The question Islanders want answered is why. On softwood lumber the federal government is quite prepared to take the fight to the U.S. We as a country are right on that issue and the United States is wrong. The same standards should apply to potatoes.

It is time for aggressive trade action and far past time that an assistance package was put in place for the P.E.I. potato industry. Would Agriculture Canada please get the job done?

Statements By Members

2 p.m.

Canadian Alliance

Jim Gouk Kootenay—Boundary—Okanagan, BC

Mr. Speaker, today marks the 40th anniversary of Canada's last world hockey championship win in Geneva, Switzerland.

The winning team was not made up of disguised professionals. Nor was it from a major population centre. It was the Trail Smoke Eaters from the small smelter town of Trail, British Columbia.

Much of the team was made up of local residents who learned to play along the banks of the Columbia River. Although the community and the Cominco smelter helped with their expenses, many players went deep into debt to pay for the honour of playing and representing our country.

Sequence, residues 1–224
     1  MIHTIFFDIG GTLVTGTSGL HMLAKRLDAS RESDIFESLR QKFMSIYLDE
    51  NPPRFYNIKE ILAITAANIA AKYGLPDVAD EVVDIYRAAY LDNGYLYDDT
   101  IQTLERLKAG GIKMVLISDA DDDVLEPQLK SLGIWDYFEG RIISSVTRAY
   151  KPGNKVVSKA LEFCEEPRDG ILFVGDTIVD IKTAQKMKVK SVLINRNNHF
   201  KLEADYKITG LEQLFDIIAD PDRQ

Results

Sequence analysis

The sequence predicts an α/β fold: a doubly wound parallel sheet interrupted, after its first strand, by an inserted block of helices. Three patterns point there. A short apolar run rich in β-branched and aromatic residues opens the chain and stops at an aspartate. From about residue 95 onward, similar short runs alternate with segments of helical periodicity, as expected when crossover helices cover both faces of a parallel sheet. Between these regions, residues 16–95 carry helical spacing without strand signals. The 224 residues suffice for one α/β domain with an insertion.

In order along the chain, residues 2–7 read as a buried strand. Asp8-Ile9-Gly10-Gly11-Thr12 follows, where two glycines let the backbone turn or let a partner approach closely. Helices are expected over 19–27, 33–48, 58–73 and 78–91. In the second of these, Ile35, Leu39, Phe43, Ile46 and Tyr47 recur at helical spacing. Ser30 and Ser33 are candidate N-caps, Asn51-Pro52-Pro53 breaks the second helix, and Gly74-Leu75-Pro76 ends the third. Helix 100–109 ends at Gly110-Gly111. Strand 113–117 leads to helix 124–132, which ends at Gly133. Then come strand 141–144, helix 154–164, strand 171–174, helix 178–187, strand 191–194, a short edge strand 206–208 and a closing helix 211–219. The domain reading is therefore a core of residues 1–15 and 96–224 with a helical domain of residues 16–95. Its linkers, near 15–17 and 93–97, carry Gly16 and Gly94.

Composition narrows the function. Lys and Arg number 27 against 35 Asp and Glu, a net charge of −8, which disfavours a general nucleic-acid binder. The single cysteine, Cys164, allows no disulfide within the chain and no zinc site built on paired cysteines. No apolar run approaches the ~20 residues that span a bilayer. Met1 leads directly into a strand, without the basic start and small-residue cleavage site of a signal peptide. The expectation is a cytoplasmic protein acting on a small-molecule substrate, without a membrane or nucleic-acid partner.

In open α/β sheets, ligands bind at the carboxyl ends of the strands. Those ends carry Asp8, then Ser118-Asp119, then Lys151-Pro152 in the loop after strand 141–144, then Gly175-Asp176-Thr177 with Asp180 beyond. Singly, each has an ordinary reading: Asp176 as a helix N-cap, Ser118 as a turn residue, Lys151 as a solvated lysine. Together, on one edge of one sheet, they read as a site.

The team was given little chance of winning but its plays defined the very word teamwork. I believe its winning spirit came from its small town environment. It caused a bonding that could only come from such a close knit community. The team proved it did belong in a world championship and demonstrated its pride in being Canadian.

Although some team members did go on to play in the NHL, most returned to their homes and families in Trail and the surrounding area. They are the ones who helped make Trail the true home of champions.